Big change to South Dakota's violent parole system heads to Gov. Kristi Noem's desk

“There's a difference between passing bills that will actually make a difference, and those that sound tough and make us feel good,” one opponent said. “This bill in its current form is the latter.”

Rep. Carl Perry, of Aberdeen, speaks in favor of Senate Bill 146, which makes substantive changes to how the state deals with violent offenders in the corrections system.
Jason Harward / Forum News Service

PIERRE, S.D. — A bill making big changes to the parole system in South Dakota is on its way to the desk of Gov. Kristi Noem, with Senate Bill 146, a proposal reducing or eliminating parole for certain violent offenses, passing the House of Representatives 53-17 on Tuesday, Feb. 28.

For supporters of the bill, brought by Sen. Brent Hoffman, of Sioux Falls, it is a way to respond to the specter of rising violent crime in the state and offer assurances to victims and families that the sentence handed down by a judge will end up being the sentence served.

“A very large percentage of violent crimes, in fact, are committed by an extraordinarily small percentage of the population,” Hoffman said. “And those are the violent criminals that our citizens want to see locked up.”

Under current South Dakota law, the highest felonies, Class A and B, are not eligible for parole.

Yet on the first offense of Class C felonies, including the first degrees of rape, manslaughter and kidnapping, state law allows a parole hearing halfway through the sentence handed down by a judge.


“This is a deception on the public,” Rep. Mary Fitzgerald, of St. Onge, said of the current parole practices.

Hoffman’s change deals with 23 different violent crimes, raising the amount of time served before a parole hearing can be held to 100% of the sentence for the more severe and 85% for the less severe.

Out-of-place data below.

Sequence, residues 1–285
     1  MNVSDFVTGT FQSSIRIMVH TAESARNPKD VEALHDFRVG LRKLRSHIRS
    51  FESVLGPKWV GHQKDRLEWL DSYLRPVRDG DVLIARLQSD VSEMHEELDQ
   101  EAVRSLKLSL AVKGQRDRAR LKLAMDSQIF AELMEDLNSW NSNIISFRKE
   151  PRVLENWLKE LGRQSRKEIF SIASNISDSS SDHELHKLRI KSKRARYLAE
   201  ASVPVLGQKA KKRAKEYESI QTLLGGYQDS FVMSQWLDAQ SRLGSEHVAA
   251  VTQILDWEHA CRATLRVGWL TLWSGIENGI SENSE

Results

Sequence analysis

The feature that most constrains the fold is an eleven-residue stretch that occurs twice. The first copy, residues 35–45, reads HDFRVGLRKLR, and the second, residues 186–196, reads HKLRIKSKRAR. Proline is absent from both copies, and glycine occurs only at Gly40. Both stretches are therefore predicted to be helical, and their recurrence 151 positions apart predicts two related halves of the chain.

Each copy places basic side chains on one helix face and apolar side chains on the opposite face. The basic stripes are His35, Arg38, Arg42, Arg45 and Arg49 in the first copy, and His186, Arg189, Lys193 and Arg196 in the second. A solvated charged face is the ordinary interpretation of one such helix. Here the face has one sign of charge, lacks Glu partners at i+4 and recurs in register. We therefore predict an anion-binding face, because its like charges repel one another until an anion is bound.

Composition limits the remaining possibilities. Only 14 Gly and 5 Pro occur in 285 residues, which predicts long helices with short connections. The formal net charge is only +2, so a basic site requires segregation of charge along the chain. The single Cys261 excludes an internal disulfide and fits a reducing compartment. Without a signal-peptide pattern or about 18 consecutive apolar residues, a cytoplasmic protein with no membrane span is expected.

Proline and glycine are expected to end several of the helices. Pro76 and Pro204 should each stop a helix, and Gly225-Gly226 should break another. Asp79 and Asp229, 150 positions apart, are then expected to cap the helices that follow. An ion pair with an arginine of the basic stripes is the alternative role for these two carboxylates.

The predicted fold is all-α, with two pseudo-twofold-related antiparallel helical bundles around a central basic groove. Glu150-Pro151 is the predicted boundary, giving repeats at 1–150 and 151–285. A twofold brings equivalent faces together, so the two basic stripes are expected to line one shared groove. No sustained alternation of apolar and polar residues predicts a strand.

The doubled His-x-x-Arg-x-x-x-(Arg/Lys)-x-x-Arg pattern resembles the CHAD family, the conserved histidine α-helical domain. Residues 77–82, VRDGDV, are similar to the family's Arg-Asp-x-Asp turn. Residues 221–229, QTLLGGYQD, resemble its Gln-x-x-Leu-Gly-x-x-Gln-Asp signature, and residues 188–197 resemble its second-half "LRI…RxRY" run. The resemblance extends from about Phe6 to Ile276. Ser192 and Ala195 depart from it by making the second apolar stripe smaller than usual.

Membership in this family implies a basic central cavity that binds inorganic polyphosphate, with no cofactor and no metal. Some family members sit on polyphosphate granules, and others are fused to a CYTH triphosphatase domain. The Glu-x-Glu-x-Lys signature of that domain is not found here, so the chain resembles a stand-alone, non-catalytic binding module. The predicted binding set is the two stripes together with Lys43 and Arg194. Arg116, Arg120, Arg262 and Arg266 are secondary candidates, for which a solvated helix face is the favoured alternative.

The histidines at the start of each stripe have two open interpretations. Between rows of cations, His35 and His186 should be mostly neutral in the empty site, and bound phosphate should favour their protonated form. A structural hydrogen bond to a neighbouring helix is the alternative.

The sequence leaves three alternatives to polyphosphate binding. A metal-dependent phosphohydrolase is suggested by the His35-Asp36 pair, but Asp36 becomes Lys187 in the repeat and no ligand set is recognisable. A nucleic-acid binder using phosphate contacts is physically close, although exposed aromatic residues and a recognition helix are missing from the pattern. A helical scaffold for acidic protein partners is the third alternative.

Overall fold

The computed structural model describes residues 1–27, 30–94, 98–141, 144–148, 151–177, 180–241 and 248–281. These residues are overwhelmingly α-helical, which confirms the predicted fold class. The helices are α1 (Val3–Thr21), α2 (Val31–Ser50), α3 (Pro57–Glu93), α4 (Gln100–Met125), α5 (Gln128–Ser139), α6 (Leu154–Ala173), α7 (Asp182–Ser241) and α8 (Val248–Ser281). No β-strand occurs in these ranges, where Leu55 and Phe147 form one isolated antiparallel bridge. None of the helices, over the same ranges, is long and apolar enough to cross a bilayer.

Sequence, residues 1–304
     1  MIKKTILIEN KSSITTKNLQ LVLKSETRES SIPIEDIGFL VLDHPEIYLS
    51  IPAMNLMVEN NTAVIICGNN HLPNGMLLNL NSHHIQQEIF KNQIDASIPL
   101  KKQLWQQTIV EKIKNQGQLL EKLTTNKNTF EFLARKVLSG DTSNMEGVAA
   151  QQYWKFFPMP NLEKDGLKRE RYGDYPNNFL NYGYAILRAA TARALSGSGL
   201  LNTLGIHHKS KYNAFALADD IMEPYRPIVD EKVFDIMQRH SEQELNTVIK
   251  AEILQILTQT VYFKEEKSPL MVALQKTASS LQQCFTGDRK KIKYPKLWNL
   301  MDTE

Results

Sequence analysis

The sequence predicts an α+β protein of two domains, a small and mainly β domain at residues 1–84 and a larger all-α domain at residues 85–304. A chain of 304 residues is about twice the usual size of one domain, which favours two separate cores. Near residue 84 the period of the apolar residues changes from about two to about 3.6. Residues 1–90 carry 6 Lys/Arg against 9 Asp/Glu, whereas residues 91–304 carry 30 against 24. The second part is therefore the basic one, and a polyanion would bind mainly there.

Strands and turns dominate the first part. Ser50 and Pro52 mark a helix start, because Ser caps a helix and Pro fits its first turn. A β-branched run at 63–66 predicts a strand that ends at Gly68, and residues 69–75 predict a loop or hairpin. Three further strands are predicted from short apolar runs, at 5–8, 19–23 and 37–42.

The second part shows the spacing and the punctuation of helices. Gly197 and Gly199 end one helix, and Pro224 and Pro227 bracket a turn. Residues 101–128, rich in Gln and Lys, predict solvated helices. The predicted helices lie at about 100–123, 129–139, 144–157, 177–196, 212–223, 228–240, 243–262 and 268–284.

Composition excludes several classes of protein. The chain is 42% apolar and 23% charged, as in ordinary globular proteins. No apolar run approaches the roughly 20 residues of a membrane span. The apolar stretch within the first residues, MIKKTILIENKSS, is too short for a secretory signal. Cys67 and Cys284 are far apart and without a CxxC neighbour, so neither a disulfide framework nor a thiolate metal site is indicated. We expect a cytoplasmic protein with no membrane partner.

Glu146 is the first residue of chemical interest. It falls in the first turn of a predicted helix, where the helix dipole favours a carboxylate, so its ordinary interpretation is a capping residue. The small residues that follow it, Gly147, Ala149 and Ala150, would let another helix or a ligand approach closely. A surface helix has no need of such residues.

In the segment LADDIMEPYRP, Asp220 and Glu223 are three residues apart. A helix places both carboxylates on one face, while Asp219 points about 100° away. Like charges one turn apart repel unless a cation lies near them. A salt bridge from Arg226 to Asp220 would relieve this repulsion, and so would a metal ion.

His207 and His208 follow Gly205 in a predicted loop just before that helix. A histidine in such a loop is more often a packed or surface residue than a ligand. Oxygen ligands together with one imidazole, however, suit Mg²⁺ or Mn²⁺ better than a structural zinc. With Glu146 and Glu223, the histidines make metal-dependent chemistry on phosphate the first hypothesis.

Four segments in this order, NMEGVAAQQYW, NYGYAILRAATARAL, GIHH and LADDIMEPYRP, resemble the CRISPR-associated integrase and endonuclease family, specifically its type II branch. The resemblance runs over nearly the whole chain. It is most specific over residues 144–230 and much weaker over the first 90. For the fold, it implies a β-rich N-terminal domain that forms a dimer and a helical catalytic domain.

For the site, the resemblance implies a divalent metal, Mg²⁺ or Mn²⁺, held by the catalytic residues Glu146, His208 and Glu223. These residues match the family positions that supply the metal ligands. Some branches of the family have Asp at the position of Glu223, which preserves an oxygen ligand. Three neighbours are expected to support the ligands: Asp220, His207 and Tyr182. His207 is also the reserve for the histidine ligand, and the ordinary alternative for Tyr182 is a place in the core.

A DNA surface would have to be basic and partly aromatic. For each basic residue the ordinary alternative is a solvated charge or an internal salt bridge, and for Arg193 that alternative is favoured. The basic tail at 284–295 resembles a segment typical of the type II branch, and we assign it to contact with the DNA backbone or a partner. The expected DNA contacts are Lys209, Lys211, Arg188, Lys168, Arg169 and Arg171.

While he and supporters on the House floor, including Rep. Carl Perry, of Aberdeen, argued that nothing in the bill keeps violent offenders from seeking treatment or programming while in prison, opponents laid out concerns about overcrowding prisons, and a lack of transitional oversight making recidivism rates even higher.

“There's a difference between passing bills that will actually make a difference, and those that sound tough and make us feel good,” Rep. Tim Reisch, of Howard, a new member in the chamber who previously served nearly a decade as the secretary of corrections in South Dakota, said during his speech on the floor. “This bill in its current form is the latter.”

Responding to the criticism of overcrowding, Hoffman noted that the state is investing in a new men’s penitentiary that will add around 1,000 beds to the corrections system and that the change will not affect anyone currently in prison or in trial, as it will only begin applying to crimes committed after July 1.

Reisch, who was also an outspoken opponent during the House Judiciary committee hearing last week that saw the bill squeak by 7-6, brought an amendment to accomplish some of the same goals — adding significant time before a parole hearing can be held — while still offering judges some latitude and incentivizing inmates to remain on good behavior while in prison.

The amendment was defeated 44-26.

Another criticism came from Rep. Mike Stevens, of Yankton, who opposed the idea of the Legislature taking discretion out of the hands of judges who are closer to the facts of unique cases.


“I'm kind of tired of people picking on our judges and our judicial system, they do a really good job,” said Stevens, a lawyer by trade.

Outside of lawmakers, the bill found support among some of the top law enforcement lobbying groups in the state, as well as with Sioux Falls Mayor Paul TenHaken, whose support substantiated some of the claims from lawmakers that this legislation was much needed in the state’s largest city, which often bears the brunt of violent offenders on parole due to its proximity to the state penitentiary.

“Criminal rehabilitation is important, but so is serving appropriate time for violent crimes,” TenHaken wrote in a Feb. 27 statement on Twitter. “This is a critical bill for the safety of our communities, supported by all law enforcement agencies, and I look forward to the legislature standing up for community safety.”

Summer studies allow a group of lawmakers to gain context on important topics and bring in different sets of expertise. This year, they'll focus on nursing home sustainability and county issues.

Jason Harward is a Report for America corps reporter who writes about state politics in South Dakota. Contact him at 605-301-0496 or

Jason Harward covers South Dakota news for Forum News Service. Email him at
What To Read Next
Get Local